The economy did change radically between 1973 and 1983-84. The administrations of Presidents Gerald Ford and Jimmy Carter, with bipartisan help from Congress took action to break up the inflationary price fixing arrangements that were the heart of the post-World War II economy. The specifics need to be recognized as Americans think about inflation today.

In the 1970s, Presidents Ford and Carter backed up the courts and the Federal Communications Commission (FCC) that broke up AT&T’s (aka Ma Bell’s) telephone monopoly. Communications costs in the 1980s plunged – in some cases by 95 percent – and today businesses and individuals have low-cost choices that were unimaginable in the 1970s. Ford and Carter also supported the Securities and Exchange Commission (SEC) and various federal banking regulators who opened up stock markets and banking to more competition, lowering the costs of financing. By the same token and with the guidance of Ford and Carter appointees, the ancient Interstate Commerce Commission (ICC) opened up trucking, railroads, and pipelines to price competition that broke the power of incumbent interests to set prices. The Civil Aeronautics Board (CAB) with support from Ford and Carter also ended cozy airline price fixing and policies that locked out new air carriers since 1938. These reforms were carried out despite fierce opposition from the established companies and unions in every one of these areas.

Manufacturing changed too. A 3-2 decision led by Carter-appointees at the International Trade Commission (ITC) had the effect of more fully opening the U.S. car market to imports from Europe and Japan and to firms from Japan, Germany and Korea that now make cars in the U.S. This undermined the pricing power of the Big 3 U.S. auto companies that had dominated U.S. manufacturing since the 1920s. In 2022 there is significant price competition, not only in new cars, but in most of the machine building, metal shaping and bending industries that cater to carmakers. (The computer chip shortage is cutting supply and raising car and appliance prices now, but this will pass as new chip making capacity comes online.)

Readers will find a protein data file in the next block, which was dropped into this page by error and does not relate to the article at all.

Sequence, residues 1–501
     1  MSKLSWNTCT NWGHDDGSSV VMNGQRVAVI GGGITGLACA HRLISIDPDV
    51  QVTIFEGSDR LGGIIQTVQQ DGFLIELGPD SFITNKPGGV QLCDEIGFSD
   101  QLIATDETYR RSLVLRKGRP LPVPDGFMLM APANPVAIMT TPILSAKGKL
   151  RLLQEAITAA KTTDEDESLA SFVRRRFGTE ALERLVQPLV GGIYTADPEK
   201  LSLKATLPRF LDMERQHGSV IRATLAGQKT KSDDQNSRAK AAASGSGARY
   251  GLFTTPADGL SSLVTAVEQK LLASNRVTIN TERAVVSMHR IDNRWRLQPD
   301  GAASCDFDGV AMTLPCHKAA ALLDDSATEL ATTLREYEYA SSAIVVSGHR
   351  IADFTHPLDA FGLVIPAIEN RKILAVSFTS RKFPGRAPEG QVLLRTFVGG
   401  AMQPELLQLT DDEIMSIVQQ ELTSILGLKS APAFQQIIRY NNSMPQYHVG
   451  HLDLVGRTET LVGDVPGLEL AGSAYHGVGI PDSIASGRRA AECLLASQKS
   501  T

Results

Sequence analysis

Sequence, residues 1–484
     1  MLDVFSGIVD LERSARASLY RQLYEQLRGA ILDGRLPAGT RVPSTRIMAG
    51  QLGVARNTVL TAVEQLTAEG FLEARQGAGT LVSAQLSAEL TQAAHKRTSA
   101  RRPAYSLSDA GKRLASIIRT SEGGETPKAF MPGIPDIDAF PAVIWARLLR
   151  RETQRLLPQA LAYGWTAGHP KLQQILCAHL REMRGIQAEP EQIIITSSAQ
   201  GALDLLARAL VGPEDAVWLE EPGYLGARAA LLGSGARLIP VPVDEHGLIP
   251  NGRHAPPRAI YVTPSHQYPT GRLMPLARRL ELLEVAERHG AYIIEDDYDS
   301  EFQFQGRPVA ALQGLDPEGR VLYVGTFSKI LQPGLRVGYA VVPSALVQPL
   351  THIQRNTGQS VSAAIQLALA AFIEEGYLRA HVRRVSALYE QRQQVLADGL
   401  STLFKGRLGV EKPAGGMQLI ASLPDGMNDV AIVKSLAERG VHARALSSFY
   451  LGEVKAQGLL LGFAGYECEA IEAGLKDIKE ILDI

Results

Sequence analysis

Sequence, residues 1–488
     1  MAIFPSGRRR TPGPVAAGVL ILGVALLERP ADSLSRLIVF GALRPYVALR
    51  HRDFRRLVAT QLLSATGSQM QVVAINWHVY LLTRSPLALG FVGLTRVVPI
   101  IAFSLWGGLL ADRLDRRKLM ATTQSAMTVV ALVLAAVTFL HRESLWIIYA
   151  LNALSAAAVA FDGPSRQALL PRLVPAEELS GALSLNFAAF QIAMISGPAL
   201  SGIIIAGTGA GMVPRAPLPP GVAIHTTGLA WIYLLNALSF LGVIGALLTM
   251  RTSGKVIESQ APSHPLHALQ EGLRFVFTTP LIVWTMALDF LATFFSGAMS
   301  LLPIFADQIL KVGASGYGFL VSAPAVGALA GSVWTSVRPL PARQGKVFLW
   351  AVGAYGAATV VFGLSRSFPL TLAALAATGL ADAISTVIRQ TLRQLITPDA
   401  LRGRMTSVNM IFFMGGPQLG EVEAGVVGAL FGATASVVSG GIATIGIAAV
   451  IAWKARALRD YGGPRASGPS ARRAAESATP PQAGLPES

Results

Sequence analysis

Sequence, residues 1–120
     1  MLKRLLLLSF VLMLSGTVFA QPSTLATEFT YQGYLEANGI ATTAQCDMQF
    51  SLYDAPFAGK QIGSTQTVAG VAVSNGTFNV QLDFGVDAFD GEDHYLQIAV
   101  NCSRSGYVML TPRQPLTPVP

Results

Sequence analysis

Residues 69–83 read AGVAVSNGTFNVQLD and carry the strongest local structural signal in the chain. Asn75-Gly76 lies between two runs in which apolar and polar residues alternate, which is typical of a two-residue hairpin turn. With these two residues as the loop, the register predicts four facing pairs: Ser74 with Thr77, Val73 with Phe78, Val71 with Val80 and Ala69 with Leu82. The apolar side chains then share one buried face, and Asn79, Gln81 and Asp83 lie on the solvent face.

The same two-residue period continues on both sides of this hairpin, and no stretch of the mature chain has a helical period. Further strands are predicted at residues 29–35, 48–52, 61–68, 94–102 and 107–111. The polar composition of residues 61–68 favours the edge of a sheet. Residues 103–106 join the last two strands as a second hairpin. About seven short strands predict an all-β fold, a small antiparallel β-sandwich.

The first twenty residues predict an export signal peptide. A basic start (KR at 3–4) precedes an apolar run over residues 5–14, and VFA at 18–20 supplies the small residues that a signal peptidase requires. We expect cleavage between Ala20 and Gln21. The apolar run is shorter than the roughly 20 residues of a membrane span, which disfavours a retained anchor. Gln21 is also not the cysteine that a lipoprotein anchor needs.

Natural gas was the toughest nut to crack politically. Carter fought for two years to open up both natural gas and electricity to price competition and was partly successful. As a result, natural gas prices were astonishingly low for decades, reducing the country’s dependence on coal and oil.

All of these structural changes in the economy led to low inflation for 40 years and make today’s inflation caused by oil, transportation, and a few bottlenecks less likely to become entrenched. None of these structural changes had anything to do with Federal Reserve monetary policy that caused a recession in the early ’80s and always gets the credit for beating back that inflation. What the country needs now to fight inflation instead of another Fed-engineered recession is policies to speedily develop new sources of energy (more wind and solar would be good), further modernize transportation infrastructure, reduce the price-fixing supplier arrangements that make American health care so costly, and increase the production of things like computer chips. Slowing the economy by raising interest rates and causing a recession impedes investment in these areas and will cause far more pain for working Americans than today’s inflation.

Paul A. London, Ph.D., was a senior policy adviser and deputy undersecretary of Commerce for Economics and Statistics in the 1990s, a deputy assistant administrator at the Federal Energy Administration and Energy Department, and a visiting fellow at the American Enterprise Institute. A legislative assistant to Sen. Walter Mondale (D-Minn.) in the 1970s, he was a foreign service officer in Paris and Vietnam and is the author of two books, including “The Competition Solution: The Bipartisan Secret Behind American Prosperity” (2005).